In HGPS, a point mutation leads to the deletion of 50 aa within the carboxyl terminus of prelamin A (3). This deletion leaves the CAAX motif intact and is therefore not expected to affect farnesylation, the release of the AAX, or methylation. However, the deletion eliminates the site for the second endoproteolytic cleavage, so the mutant protein (progerin) cannot be processed to lamin A (3). Human HGPS fibroblasts contain grossly misshapen nuclei, which are caused by the accumulation of progerin along the nuclear envelope (13, 14). In Zmpste24-deficient fibroblasts (Zmpste24-/-), prelamin A accumulates at the nuclear envelope (4, 15), causing misshapen nuclei with blebs and herniations of the heterochromatin (4, 15). Zmpste24-/- mice manifest a host of progeria-like disease phenotypes, which are clearly caused by an accumulation of farnesyl-prelamin A (15). Human RD fibroblasts, which lack ZMPSTE24, also display prelamin A accumulation and misshapen nuclei (1, 2).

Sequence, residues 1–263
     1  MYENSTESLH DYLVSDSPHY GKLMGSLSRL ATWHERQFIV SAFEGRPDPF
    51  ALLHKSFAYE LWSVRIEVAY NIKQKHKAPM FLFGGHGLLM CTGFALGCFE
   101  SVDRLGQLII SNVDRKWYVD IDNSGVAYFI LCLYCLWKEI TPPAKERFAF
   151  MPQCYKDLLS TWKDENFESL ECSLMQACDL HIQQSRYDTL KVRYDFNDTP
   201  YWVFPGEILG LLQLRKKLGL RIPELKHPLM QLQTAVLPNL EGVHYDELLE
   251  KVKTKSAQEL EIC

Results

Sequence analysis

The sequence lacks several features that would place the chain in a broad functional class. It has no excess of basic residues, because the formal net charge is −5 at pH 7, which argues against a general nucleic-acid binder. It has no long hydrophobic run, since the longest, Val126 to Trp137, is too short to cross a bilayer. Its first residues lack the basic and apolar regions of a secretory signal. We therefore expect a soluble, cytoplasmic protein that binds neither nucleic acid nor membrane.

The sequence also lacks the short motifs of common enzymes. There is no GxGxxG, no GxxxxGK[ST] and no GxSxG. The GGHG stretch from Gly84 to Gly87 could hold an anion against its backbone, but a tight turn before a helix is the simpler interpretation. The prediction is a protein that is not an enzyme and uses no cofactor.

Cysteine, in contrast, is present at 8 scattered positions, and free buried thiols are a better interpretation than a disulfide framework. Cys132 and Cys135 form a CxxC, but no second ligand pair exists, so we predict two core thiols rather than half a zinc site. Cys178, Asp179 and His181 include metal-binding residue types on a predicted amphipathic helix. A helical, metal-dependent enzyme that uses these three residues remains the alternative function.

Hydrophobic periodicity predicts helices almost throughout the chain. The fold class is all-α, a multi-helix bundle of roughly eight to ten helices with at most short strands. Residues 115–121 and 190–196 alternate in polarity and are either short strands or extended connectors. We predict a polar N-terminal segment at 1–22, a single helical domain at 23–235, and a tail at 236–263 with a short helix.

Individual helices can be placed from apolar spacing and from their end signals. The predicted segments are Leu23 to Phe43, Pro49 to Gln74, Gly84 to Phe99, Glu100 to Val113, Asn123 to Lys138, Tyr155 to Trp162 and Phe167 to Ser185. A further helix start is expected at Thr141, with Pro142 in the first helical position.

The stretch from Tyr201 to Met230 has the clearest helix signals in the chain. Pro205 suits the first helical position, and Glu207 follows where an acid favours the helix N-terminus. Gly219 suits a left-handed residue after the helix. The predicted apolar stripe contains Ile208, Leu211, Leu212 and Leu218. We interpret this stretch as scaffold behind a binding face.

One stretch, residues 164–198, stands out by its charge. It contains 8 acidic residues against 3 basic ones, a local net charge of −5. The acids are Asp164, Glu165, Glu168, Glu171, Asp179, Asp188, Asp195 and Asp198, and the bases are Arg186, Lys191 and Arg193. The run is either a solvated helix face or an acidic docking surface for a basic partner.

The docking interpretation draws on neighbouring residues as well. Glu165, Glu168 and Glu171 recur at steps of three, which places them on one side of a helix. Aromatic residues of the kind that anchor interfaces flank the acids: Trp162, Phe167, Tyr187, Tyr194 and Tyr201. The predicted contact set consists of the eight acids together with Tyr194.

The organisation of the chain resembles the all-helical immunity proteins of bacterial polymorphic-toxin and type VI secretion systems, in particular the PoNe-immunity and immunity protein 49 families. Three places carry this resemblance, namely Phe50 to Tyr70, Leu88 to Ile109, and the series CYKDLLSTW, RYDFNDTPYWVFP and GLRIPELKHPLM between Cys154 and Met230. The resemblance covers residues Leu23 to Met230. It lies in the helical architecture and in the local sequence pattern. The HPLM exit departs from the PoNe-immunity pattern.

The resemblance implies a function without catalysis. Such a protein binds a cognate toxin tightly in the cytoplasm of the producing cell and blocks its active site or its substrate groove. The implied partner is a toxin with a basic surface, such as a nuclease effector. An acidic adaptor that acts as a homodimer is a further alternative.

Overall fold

We hypothesized that farnesylation was critical for the targeting of prelamin A to the inner nuclear membrane and that the presence of prelamin A at the nuclear envelope was central to the most striking cellular pathology (i.e., misshapen nuclei). We further hypothesized that blocking protein farnesylation with an farnesyltransferase inhibitor (FTI) would reduce prelamin A targeting to the nuclear lamina and improve nuclear shape. Moreover, we hypothesized that FTIs would be effective in ameliorating nuclear shape abnormalities in progeroid syndromes caused by lamin A missense mutations. In those cases, we suspected that the FTI would improve nuclear shape by blocking lamin A biogenesis and limiting the delivery of the mutant lamin A to the nuclear envelope. In the current study, we tested each of these hypotheses.

Materials and Methods